As is probably obvious already, I do not agree. Without Cindy, there would be no children and no grandchildren. She really is the most important person to me.

As many of you know, several years ago, Cindy and I were in a very bad car accident. It was the scariest night of my life because I thought I had lost her. She was unresponsive and I was scared. Other than a broken hip (I am not trying to down play the hip, it was bad enough) she was fine, as was I. Still, it made me start thinking about what my life would be like without this wonderful lady in it.

Other than salvation and grace, Cindy is the greatest gift God has given me. I thank God everyday for the gift of this special lady. We have had our ups and downs over the years. Together we have raised two fine young men (one who shares a birthday with his mother, Happy Birthday Christopher) and the other has a birthday in just over a week (Happy Birthday Wayne). Those two boys and their wives have give us five wonderful grandkids all of whom we enjoy. All of these are also gifts from God that God used Cindy to give to us and many others who are touched by my family.

Cindy and I got married young. Many said it wouldn’t last a year. That was 39 years ago. I would say we exceeded their expectations. I am thankful for it all, and would not trade it for anything. Cindy puts up with a lot from me and because of me. She is quick to tell anyone who asks, she didn’t marry a preacher, she married a sailor. Big difference. She still puts up with a lot because of my work. There are the weeknight meetings, trips out of town, late night phone calls and more. She accepts it all with grace and constantly tells me and reminds me of her love.

In the verse above we husbands are instructed to love our wives. This might be the divine instruction I find the easiest to follow.

So, I want to say, “Happy Birthday, Sweets. I love you and pray God gives us many more years together.”

And, I pray all of you have a blessed day from the God who blesses us all with the gifts of the people we love.

Grace and Peace,

Copyright 2016, James “Keith” Broyles, All Rights Reserved

Labor Day


Make an effort to present yourself to God as a tried-and-true worker, who doesn’t need to be ashamed but is one who interprets the message of truth correctly (2 Timothy 2:15, Common English Bible).

Over the past few days I have been giving some thought to Labor Day. As I have thought about it, my brain went to a weird idea. I don’t really think it is an original idea because it seems like I heard it somewhere before. “We celebrate a day about working, by not working!”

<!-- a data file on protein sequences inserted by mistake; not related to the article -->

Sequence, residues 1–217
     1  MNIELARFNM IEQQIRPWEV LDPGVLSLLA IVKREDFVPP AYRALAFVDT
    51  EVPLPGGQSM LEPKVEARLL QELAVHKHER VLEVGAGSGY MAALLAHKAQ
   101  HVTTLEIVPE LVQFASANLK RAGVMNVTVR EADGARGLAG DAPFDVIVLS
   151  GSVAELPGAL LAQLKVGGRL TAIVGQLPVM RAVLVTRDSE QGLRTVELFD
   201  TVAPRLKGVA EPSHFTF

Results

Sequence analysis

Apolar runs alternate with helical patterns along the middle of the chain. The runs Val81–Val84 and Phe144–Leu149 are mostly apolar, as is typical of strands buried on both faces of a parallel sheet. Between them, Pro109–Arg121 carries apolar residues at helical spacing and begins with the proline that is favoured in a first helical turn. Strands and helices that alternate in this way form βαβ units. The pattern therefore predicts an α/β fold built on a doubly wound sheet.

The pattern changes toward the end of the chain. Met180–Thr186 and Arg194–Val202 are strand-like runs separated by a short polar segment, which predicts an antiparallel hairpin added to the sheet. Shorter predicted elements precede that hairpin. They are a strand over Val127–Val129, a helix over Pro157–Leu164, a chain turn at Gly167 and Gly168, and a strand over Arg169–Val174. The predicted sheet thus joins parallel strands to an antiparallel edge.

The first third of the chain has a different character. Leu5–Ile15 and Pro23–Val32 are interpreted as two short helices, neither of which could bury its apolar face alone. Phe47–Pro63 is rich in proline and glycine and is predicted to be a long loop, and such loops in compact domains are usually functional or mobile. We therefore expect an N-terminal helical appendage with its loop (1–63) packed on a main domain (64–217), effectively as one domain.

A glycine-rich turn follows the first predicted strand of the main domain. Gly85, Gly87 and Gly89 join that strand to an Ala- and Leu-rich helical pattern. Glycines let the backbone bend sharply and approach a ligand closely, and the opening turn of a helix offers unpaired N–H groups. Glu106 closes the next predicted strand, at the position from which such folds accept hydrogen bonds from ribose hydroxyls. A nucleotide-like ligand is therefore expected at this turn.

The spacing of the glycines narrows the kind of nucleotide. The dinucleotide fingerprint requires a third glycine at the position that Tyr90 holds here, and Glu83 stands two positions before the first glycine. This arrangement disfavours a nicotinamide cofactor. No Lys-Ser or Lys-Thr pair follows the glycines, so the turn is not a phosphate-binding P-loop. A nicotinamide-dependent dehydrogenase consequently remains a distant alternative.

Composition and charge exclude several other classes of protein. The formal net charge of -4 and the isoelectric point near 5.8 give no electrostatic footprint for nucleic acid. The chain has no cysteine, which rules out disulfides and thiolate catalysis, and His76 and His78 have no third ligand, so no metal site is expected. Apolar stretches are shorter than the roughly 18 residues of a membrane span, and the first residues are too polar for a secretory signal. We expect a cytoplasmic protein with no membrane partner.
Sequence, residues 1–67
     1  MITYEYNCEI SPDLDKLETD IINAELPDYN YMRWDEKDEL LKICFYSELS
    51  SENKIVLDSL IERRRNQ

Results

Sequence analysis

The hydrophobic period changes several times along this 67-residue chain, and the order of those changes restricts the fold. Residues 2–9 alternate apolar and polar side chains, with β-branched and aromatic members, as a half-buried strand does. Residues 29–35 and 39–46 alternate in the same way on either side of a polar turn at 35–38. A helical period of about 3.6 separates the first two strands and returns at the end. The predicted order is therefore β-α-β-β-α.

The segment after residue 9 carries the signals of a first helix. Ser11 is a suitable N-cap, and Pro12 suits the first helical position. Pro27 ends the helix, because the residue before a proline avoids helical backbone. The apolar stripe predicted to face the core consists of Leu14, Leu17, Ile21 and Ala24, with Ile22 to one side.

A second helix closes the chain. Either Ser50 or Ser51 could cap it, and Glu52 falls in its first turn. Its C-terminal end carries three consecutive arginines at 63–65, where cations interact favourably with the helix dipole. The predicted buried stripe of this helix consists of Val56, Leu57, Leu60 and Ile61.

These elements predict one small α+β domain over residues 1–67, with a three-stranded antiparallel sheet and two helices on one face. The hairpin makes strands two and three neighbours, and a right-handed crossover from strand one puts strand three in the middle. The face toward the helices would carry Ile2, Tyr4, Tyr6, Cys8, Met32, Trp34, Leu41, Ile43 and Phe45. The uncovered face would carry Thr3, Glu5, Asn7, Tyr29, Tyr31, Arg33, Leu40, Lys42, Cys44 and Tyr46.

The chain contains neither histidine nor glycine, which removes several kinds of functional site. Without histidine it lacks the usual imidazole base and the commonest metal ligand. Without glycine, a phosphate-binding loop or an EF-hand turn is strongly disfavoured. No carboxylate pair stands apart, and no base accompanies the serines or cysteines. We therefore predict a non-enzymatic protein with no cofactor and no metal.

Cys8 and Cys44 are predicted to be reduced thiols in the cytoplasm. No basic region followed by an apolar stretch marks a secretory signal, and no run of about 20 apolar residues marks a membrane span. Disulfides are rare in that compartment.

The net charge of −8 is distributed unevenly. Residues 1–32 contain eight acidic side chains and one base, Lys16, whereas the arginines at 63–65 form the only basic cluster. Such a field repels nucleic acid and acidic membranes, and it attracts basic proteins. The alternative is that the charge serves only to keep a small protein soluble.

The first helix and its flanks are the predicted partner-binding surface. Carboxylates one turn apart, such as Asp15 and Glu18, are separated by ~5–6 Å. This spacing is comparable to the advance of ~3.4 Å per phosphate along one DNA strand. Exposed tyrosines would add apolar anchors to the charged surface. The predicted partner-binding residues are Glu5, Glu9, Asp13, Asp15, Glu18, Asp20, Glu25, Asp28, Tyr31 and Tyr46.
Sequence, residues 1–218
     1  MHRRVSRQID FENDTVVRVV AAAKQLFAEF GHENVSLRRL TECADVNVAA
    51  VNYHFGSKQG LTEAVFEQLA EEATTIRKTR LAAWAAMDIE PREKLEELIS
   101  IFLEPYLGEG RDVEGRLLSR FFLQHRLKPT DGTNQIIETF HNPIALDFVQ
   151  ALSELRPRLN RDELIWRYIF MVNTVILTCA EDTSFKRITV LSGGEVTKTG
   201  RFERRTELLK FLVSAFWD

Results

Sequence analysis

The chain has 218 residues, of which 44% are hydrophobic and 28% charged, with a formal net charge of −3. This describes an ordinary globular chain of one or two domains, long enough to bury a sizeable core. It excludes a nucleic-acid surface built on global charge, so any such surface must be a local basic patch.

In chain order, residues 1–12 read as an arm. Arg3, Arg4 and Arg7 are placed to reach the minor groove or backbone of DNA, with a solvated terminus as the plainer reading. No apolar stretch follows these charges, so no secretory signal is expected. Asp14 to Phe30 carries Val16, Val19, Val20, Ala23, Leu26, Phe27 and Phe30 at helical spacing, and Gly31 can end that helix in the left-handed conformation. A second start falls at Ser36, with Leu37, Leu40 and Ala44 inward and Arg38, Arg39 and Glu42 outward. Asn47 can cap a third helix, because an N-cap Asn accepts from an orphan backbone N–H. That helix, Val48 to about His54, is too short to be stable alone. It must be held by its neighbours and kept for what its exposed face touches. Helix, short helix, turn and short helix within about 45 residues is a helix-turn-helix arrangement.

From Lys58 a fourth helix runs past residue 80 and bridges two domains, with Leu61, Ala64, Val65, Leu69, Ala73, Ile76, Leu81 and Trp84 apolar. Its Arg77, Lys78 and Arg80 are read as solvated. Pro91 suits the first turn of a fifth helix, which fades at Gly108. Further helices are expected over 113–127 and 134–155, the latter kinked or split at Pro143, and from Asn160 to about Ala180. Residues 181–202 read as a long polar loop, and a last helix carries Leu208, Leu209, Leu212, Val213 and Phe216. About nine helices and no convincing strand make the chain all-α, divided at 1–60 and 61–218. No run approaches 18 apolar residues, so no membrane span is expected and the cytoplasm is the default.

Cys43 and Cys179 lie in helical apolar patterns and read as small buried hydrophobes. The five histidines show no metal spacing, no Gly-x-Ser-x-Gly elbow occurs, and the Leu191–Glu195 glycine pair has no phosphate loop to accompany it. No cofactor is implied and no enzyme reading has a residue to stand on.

Don’t get me wrong, I enjoy a holiday as much as anyone. It is just that I find the contradiction interesting. Saturday, while visiting with a friend, I actually found myself calling Labor Day, “Oxymoron Day.” That is probably a bit of a stretch, but the contradiction is worth thinking about.

Still, to think of labor as a gift from God is not a stretch and that is where the majority of my thoughts have been on this subject. I know it sounds strange to think of “work” as a gift, perhaps it would be better to say, the ability to work is a gift. And, where would we be without work and the ability to work?

A couple of days ago I wrote on integrity. Our work is an opportunity to live out that integrity. Paul reminds us of that in the verse above, “…present yourself to God as a tried and true worker, who doesn’t need to be ashamed…” If we go about our work as if we are working for God, we will never have reason to be ashamed.

Beyond that, we are all called to work for God. The work we do for God may not be the way we make our living. When I first became a candidate for ministry in the United Methodist Church, there was a book, The Christian as Minister, that was required reading. The last I knew it was still in use but several revisions have happened since my candidacy days.

I think that is too bad. They removed my favorite part of the book! I am not sure exactly when, but I lost my original book some time back. So, I will share it with you as I remember it.

Our vocation is not necessarily the way we make our living but it is our work. To find our vocation one must find the intersection of what brings us the most joy with what God most needs done in the world. The unnamed author gave an example. If you are an ad-writer and you really get a kick out of your work, but you spend your days writing television deodorant commercials, you might meet number one, what gives you joy, but you are probably missing the boat on number two, what God most needs done in the world. On the other hand, if you are a doctor working in a leper colony but you find your work distasteful and depressing, you may meet number two, what God most needs done in the world, but not only do you not meet number one, the thing that brings you joy, you probably are not doing your patients much good either. We have to find balance in our work lives between our own joy and what God most needs done in the world. That is where we find our vocation.